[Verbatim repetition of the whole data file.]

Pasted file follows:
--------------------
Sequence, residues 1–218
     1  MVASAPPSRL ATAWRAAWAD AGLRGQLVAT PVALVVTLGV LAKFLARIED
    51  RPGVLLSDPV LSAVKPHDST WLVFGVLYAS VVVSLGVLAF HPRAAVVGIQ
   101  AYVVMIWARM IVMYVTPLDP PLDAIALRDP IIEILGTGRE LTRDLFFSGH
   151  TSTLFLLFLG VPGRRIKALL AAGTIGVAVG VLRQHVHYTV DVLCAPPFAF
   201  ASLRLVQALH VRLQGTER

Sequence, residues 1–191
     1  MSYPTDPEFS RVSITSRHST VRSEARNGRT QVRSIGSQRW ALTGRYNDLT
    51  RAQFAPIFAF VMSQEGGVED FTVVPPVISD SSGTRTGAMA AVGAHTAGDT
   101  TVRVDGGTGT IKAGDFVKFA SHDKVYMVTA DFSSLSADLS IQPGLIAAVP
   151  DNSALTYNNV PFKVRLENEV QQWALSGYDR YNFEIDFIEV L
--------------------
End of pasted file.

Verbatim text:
Sequence, residues 1–218
     1  MVASAPPSRL ATAWRAAWAD AGLRGQLVAT PVALVVTLGV LAKFLARIED
    51  RPGVLLSDPV LSAVKPHDST WLVFGVLYAS VVVSLGVLAF HPRAAVVGIQ
   101  AYVVMIWARM IVMYVTPLDP PLDAIALRDP IIEILGTGRE LTRDLFFSGH
   151  TSTLFLLFLG VPGRRIKALL AAGTIGVAVG VLRQHVHYTV DVLCAPPFAF
   201  ASLRLVQALH VRLQGTER

Sequence, residues 1–191
     1  MSYPTDPEFS RVSITSRHST VRSEARNGRT QVRSIGSQRW ALTGRYNDLT
    51  RAQFAPIFAF VMSQEGGVED FTVVPPVISD SSGTRTGAMA AVGAHTAGDT
   101  TVRVDGGTGT IKAGDFVKFA SHDKVYMVTA DFSSLSADLS IQPGLIAAVP
   151  DNSALTYNNV PFKVRLENEV QQWALSGYDR YNFEIDFIEV L